We used to sit around the dinner table and plan how we'd rob and bank, and where we'd hide out (under the greenhouse) in town to wait for the dragnet to drop. Could we hide food there, would it keep, when would we go out for air, etc.
Several years ago, while I was on holiday on a cruise, I was trying to put together a detective story (family challenge: everybody was going to write a story over the course of the holiday. Mr Chick and the Younger Chick completed theirs; the Elder Chick and I bombed out). Nowadays when you get off or on a cruise ship, you go through security and present your photo-ID card, which is also your room key. The card is scanned, and if people are late, the crew members know precisely who they're looking for.
I reckoned that I had worked out a way to bypass security (on a one off basis suitable for a detective novel, I hasten to add; any of you involved in national security needn't come looking...) but I wanted to know what actually happens on a cruise if somebody disembarks on a port visit and doesn't come back. I'd been thinking about my plot on and off all day, so when the Entertainments Manager came round to chat with everybody, my mouth ran slightly ahead of my brain. As he shook my hand, I said brightly, 'now you're just the person I need to talk to: I'm going to do a murder and I need your help.'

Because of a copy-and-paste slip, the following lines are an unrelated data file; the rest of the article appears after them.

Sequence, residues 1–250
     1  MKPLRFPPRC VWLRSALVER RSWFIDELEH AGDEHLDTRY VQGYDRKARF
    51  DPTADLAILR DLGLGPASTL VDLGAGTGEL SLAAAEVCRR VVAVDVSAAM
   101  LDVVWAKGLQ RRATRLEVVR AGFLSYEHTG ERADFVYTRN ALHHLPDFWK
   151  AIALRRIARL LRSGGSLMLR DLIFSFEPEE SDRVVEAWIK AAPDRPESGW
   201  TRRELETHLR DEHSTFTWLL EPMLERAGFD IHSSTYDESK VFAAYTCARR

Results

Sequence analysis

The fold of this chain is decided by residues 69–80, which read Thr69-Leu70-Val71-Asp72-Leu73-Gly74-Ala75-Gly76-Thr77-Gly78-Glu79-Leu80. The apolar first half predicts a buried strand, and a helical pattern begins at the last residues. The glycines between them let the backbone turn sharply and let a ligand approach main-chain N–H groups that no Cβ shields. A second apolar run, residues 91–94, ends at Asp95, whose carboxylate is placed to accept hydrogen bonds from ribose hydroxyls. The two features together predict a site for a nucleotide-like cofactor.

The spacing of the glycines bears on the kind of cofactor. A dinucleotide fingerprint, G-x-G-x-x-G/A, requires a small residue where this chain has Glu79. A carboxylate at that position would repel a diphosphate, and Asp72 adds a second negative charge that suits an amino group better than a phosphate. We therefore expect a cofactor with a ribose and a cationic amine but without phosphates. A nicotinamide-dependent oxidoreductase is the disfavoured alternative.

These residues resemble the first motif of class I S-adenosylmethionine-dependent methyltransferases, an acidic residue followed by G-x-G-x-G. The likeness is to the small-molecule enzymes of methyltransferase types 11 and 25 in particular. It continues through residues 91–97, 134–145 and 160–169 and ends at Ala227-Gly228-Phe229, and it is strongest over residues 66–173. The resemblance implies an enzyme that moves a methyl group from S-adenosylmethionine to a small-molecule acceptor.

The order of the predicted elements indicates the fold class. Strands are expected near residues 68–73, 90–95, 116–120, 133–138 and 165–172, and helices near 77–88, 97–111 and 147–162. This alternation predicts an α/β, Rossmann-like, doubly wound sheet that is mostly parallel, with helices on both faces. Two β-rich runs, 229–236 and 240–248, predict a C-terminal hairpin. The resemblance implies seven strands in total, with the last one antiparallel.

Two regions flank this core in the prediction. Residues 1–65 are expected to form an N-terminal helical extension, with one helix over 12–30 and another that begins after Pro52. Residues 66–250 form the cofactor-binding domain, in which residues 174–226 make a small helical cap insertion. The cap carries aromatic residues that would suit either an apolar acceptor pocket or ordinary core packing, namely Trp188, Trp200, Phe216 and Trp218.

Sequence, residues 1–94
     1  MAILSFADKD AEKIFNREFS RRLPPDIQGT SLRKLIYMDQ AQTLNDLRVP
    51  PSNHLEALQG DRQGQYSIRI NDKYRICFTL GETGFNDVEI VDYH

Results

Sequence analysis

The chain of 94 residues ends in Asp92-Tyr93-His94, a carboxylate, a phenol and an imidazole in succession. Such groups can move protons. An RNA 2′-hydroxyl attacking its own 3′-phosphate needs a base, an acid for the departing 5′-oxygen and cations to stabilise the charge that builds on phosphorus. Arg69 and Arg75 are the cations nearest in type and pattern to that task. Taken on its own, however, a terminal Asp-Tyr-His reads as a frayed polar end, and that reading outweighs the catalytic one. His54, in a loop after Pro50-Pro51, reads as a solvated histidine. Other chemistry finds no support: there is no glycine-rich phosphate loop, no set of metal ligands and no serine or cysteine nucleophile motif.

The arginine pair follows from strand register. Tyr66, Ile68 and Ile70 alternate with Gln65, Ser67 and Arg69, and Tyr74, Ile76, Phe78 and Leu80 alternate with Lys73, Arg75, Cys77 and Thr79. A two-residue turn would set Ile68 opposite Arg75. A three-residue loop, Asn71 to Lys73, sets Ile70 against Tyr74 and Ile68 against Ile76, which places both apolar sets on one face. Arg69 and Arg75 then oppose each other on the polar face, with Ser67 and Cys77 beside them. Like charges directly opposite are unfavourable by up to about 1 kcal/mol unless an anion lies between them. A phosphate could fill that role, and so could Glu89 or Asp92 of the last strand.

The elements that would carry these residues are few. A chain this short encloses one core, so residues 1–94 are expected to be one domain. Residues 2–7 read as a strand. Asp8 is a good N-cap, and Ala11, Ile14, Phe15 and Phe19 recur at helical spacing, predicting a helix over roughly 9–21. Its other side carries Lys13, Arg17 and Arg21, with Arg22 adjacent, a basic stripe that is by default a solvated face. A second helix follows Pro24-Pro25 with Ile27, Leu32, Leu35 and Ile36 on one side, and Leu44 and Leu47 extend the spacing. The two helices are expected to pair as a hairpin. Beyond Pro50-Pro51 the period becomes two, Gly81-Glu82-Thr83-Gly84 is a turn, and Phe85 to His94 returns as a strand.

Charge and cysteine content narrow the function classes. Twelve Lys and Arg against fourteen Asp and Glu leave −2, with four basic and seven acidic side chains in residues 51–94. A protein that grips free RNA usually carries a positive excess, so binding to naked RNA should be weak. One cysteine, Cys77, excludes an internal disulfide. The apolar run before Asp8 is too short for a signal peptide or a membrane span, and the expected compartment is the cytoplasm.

The poor Entertainments Manager was so completely flummoxed that he actually forgot to let go of my hand and his expression was priceless. Apparently he'd never had a passenger ask him that before, and he developed a tendency to walk away hurriedly and hide behind doors when he saw me again, possibly in case I landed him with disposing of the body.
I still think my plot device would have worked, though.